Background: There is evidence of a link between job stress and upper extremity work-related musculoskeletal disorders. However, the biobehavioral mechanisms by which psychosocial stress factors contribute to the development of musculoskeletal disorders are uncertain.
Methods: Based on established principles of breathing and job stress and the relevant empirical literatures, a hyperventilation theory of job stress and work-related musculoskeletal disorders was developed.
Results: Hyperventilation (overbreathing) refers to a drop in arterial CO2 caused by ventilation that exceeds metabolic demands for O2. Excessive loss of CO2 (increase in rate of flow of CO2 from cells to longs) that results from hyperventilation produces a rise in blood pH (i.e., respiratory alkalosis). This disruption in the acid-base equilibrium triggers a chain of systemic physiological reactions that have adverse implications for musculoskeletal health, including increased muscle tension, muscle spasm, amplified response to catecholamines, and muscle ischemia and hypoxia. Hyperventilation is often characterized by a shift from a diaphragmatic to a thoracic breathing pattern, which imposes biomechanical stress on the neck/shoulder region due to the ancillary recruitment of sternocelidomastoid, scalene, and trapezius muscles in support of thoraci breathing.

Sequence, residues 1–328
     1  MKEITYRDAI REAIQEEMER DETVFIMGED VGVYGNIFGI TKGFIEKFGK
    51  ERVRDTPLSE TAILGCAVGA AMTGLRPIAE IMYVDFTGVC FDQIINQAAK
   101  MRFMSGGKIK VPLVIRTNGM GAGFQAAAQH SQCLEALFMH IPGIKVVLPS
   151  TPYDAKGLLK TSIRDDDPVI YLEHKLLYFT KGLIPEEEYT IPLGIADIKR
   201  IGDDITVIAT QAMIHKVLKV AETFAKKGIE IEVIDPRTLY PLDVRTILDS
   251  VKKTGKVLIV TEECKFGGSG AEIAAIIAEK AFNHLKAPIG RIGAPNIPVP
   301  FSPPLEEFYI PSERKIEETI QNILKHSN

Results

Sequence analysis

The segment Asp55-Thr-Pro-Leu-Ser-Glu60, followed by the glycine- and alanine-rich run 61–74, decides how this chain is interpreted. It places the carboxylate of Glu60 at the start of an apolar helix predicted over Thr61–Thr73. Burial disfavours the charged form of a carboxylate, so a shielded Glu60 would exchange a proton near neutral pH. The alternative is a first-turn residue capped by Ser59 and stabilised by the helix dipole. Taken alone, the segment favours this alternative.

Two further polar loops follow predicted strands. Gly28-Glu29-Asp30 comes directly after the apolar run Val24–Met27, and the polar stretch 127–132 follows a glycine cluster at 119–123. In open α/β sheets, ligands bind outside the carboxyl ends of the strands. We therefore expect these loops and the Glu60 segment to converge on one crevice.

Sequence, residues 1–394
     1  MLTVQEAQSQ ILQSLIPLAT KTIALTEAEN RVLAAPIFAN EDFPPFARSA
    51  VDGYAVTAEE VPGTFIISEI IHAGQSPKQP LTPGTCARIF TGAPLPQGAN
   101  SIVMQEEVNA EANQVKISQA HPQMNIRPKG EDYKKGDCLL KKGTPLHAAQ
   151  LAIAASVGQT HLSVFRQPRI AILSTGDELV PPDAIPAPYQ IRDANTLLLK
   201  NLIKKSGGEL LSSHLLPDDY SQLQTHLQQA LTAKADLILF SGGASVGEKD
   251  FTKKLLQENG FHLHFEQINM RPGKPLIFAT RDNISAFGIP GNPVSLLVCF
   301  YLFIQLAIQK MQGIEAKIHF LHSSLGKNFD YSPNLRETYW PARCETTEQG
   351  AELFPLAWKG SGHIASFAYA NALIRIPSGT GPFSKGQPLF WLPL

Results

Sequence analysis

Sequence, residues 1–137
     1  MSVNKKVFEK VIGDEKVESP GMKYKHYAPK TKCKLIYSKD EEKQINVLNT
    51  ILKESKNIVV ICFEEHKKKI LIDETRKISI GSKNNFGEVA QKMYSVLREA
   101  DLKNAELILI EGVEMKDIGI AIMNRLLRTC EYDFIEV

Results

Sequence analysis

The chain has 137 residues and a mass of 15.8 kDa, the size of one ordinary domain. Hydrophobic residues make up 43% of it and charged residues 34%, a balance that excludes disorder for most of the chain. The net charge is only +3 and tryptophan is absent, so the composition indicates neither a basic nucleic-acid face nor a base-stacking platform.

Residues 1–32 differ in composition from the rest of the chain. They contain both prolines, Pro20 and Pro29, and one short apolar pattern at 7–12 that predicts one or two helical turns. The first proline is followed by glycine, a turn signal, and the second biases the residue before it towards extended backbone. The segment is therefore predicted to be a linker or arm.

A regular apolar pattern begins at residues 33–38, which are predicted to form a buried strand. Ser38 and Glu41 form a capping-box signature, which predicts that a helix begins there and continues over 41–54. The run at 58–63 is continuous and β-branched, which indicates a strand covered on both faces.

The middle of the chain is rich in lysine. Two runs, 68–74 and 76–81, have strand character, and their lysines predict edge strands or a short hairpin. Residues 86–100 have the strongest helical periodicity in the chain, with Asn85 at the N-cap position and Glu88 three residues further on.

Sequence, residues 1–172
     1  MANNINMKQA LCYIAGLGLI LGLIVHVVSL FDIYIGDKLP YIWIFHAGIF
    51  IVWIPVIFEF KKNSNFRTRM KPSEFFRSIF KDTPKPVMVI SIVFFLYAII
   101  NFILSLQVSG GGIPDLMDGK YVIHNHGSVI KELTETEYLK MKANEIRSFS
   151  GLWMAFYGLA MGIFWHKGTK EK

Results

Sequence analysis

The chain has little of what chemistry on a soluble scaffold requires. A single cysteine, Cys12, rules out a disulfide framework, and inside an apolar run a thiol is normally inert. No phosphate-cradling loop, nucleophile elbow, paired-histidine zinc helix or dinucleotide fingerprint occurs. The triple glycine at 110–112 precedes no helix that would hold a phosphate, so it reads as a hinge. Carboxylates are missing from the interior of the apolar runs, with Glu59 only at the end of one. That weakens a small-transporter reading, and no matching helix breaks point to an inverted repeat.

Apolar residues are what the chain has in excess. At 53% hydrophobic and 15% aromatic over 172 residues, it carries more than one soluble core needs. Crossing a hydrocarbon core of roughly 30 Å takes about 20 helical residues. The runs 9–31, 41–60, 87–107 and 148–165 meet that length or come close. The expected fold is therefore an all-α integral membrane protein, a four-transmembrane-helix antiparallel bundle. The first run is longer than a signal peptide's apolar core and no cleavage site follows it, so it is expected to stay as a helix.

Conclusions: A hyperventilation theory provides an innovative framework for understanding how job stress contributes to pathophysiological processes that increase the risk of work-related musculoskeletal disorders. With respect to the control of these disorders, a hyperventilation theory has important implications for establishing effective work organization interventions and individual stress-management methods. In this regard, breathing is a biobehavioral metric for assessing whether psychosocial aspects of work organization are in balance with a worker's needs and resources. A hyperventilation theory also provides a unique rationale for coping with job stress and musculoskeletal discomfort through breathing training, light physical exercise, and rest breaks.